Typically, an organizational author 115 develops a series of pathways 145 that define phases of care for particular medical conditions, pathologies and the like, to be treated. The organizational author 115 is typically provided the tools that he needs to build the pathways 145, view existing pathways 145, view databases of patients and care providers 135 etc. from the server 105. The organizational author 115 is typically a physician or clinical team.
The main user of the system 100 is typically the case manager 120, often employed by a physician practice or health care plan, taking care of multiple patients with chronic diseases.
Typically, the case manager 120 uses a computer 121 and is assigned to a variety of patients such as patient 110. The server 105 provides the necessary tools and information that the case manager 120 requires to monitor patient progress and perform activities associated with patient care, including, but not limited to, the computer 121, and a navigation screen 122 with buttons that provide access to a list of active patients 1405 (i.e., patients being actively treated by disease management pathways 145), a list of inactive patients 1410, a list of available pathways 1415, and database information 135 (such as the care provider database). Using the navigation screen 122, the case manager can access screens for viewing and entry of patient-specific demographic, billing, and clinical information (described below using FIGS. 15 and 16) and the documentation spreadsheet 170, which allows the case manger to track patient progress and respond to alerts.
- Care Provider
As discussed above, patients such as patient 110 are assigned to pathways 145. The patient 110 typically includes a computer 111 and a screen 112 that helps the patient receive data from the participants in the system, answer questionnaire questions, and the like. Much of the patient management is taken care of through the automated features of the system 100, which have already been customized through pathways created by the organizational author. A detailed description of entering a patient into the system, pathway assignment and workflow progress monitoring is discussed below.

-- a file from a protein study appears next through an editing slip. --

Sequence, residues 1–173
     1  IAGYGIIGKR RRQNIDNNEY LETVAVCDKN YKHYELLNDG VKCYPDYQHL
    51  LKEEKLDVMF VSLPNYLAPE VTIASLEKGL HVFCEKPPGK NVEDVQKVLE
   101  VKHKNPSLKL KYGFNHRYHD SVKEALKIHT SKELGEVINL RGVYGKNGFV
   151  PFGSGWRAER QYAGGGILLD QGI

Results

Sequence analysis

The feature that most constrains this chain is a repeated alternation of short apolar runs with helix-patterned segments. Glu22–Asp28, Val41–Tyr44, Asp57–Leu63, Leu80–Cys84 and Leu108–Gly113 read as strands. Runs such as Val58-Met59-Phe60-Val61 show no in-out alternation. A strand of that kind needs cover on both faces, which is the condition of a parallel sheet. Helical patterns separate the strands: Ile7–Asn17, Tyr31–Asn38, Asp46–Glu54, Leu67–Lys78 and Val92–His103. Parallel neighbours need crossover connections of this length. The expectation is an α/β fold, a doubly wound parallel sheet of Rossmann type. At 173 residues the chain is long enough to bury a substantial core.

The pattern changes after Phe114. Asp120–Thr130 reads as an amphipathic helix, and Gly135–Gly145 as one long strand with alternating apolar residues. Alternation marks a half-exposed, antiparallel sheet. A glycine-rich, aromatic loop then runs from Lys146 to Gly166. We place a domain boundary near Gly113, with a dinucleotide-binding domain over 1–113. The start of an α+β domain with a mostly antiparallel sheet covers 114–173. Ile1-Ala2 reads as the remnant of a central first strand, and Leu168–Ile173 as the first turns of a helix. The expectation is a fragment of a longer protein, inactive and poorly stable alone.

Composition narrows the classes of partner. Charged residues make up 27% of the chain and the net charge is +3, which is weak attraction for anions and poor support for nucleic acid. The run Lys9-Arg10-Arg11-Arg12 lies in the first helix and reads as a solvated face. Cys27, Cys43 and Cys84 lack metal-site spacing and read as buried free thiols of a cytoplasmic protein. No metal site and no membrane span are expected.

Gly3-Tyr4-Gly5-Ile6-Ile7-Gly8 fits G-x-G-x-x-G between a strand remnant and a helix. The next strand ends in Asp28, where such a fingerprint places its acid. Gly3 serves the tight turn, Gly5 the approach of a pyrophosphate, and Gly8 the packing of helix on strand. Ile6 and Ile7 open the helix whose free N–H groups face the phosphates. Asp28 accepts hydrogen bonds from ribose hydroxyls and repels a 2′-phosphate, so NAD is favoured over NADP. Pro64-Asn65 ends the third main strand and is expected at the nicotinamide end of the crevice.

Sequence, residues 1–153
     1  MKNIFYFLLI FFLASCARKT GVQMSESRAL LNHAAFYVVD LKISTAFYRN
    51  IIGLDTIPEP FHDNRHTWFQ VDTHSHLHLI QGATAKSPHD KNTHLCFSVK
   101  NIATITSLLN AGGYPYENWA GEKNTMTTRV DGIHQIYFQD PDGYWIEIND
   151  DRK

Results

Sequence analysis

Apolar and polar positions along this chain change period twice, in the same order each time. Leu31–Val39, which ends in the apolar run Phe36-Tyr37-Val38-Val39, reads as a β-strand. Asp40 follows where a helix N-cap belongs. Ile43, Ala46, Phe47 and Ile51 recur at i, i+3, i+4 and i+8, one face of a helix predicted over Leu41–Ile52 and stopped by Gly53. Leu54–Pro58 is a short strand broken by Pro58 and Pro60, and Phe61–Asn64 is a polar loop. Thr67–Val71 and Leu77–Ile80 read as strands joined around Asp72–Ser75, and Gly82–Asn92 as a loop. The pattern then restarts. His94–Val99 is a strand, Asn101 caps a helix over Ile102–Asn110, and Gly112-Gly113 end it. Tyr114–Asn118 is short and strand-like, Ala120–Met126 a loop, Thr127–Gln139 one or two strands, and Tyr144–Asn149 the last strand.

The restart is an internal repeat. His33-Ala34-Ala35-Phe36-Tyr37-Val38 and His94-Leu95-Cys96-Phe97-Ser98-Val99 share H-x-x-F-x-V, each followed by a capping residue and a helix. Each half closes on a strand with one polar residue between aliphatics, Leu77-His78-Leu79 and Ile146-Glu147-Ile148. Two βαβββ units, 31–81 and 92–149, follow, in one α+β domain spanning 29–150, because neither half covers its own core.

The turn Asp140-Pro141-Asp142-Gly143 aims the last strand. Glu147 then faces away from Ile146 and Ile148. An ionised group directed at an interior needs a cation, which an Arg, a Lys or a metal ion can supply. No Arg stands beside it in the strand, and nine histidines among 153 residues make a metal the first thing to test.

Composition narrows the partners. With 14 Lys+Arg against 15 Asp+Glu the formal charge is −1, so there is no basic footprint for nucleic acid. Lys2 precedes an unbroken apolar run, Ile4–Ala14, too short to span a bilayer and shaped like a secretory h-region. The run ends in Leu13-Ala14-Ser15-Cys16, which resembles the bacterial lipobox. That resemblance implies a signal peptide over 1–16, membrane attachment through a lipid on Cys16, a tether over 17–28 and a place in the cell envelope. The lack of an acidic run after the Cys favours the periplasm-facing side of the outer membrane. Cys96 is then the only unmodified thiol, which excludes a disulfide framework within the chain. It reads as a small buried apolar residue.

- System Administrator
A care provider 130 can be any variety of medical specialists such as, but not limited to, medical doctors, consultants, physician assistants, nurses, dieticians, pharmacists physical therapists and diagnostic centers. The care provider 130 is any professional that can be used in the treatment of a patient. Typically, the care provider 130 includes a computer 131 and a screen 132 that helps the care provider access patient-specific information through the navigation screen 122 and documentation spreadsheet 170, if assigned access by the system administrator to the system, the care provider's navigation screen will typically resemble the navigation screen of the case manager 301.
The system administrator's activities involving the system include, but are not limited to, manages the databases of the system. The system administrator enters and maintains the list of care providers associated with the sponsoring organization, and assigns them to pathway activities involving specific patients. The system administrator is responsible for assigning case managers to individual patients so that they will be responsible for them and receive the alert messages 160 regarding them (discussed in further detail below). He defines the data fields for entering and organizing data regarding care providers and patient-specific demographic, billing, and clinical data, including specifications as to whether data entry will be mandatory or optional. Also, he defines what information will be displayed in the status screen FIG. 7 described below and the authoring screen FIG. 11 described below.
A variety of databases 135 are connected to the network 140. Only a single database 135 is shown in the figure but it is intended to be representative of any number of databases that can be accessed by the participants in the network 140 depending on roles-based levels of access. The databases 135 can be internal proprietary databases unique to the network 140 and can also be databases external to the network 140.
The external databases 135 can include, but are not limited to, medication lists (e.g. First Data, Micromedex etc.), problem lists (with ICD-9 codes), diagnostic lists (with CPT codes), and patient education materials. Databases external to the network 140 enhance system functionality and facilitate discrete data capture, by reducing the need for free text entry.